Right, it basically goes like this: annoying lots of old sods in Leicester, writing a song about home computers, singing about football on 6 Music when the “6” referred to the number of listeners, a brief POMP of about 18 months when we did a proper tour and were on Radio 1, a rock opera about space dinosaurs that de-pomped us, then a string of theatrical shows and adventures. It’s been good fun so far!
Usually I ask you questions about MUSIC but this time I’m (mainly) asking you about COMEDY, because you are Peterborough’s answer to THE RENAISSANCE MAN. As someone who is also trying to balance music with writing and performing funny things, do you have any TIPS?
KEEP A LIST. That’s it really – if you want to do lots of different things you need a LIST to keep it all straight, both of what you’ve got to do and importantly what you HAVE done so that at the end of the day/week/year/epoch you can look at it and go “Cor, it turns out I did a lot!”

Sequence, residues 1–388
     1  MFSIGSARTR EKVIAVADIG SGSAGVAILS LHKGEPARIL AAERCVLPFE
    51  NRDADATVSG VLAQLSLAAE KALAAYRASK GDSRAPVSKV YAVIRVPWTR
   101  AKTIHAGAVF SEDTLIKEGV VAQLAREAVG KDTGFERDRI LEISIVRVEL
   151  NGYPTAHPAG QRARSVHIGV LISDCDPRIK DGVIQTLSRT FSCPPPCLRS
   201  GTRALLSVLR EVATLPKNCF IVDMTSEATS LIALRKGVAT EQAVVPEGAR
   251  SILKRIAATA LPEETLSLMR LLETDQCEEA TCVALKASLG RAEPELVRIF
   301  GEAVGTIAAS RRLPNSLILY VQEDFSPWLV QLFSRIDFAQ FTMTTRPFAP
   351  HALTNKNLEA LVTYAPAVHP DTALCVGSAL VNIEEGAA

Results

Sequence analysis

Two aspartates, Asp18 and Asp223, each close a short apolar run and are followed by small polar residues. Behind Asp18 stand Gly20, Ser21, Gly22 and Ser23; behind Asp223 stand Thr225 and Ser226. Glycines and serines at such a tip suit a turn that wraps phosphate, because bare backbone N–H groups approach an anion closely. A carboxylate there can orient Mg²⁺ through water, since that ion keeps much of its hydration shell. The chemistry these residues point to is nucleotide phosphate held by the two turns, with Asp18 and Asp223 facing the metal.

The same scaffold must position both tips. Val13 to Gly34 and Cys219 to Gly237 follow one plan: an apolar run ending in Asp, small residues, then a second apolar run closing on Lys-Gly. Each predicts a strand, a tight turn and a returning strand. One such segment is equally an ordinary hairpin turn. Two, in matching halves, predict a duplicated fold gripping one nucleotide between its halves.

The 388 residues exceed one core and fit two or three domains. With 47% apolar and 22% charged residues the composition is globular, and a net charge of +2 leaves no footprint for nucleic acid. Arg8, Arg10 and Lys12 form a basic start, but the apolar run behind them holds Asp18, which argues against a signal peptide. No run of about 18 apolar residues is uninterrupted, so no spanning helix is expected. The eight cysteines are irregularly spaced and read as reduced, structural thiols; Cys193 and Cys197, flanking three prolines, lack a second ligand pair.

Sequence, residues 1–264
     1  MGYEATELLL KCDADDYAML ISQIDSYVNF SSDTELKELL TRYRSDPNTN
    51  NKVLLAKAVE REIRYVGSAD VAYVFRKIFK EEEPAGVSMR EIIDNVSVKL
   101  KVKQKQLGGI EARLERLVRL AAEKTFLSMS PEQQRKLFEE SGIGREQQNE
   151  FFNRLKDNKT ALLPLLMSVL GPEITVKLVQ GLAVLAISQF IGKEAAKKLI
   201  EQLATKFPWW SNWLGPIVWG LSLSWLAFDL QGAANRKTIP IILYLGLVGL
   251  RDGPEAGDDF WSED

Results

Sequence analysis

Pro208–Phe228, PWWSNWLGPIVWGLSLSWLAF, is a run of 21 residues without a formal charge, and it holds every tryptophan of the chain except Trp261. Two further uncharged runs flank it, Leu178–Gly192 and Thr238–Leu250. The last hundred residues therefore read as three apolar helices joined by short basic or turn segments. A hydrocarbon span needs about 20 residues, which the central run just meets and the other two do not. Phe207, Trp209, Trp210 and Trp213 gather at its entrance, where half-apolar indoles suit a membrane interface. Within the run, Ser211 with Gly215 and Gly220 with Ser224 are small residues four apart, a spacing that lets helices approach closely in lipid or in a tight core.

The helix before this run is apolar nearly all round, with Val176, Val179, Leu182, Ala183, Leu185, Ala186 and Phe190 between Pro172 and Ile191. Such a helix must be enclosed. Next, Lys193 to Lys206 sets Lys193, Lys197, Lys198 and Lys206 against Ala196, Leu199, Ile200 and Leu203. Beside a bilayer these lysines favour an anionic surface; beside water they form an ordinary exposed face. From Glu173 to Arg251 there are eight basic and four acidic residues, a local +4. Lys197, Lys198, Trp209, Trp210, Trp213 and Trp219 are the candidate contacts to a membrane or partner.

A question I’ve always wanted to ask you is do you ever worry about people not taking your songs seriously? You write serious songs that are sometimes funny, as well as funny songs that are sometimes serious. Is there a difference in intention when writing these things, or do they just HAPPEN?
Weirdly, I’ve always worried about it but have never actually needed to. I’ve got about 30 years worth of really clever arguments and cutting remarks that I’ve never actually been able to employ! I think the idea that something can’t be Proper if it’s also Funny comes from a long-gone generation of dim-witted music critics who didn’t like jokes because they didn’t understand them, whereas most people are absolutely fine with it. If gags are all right for Jane Austen then they’re all right for the rest of us!
You’ve done several shows with Steve Hewitt at the Edinburgh Fringe, including Dinosaur Planet, Moon Horse vs. The Mars Men of Jupiter, Total Hero Team, and the semi-autobiographical Hey Hey 16K. Any highlights, lowlights, and do you have any tips for people putting on a show there for the first time?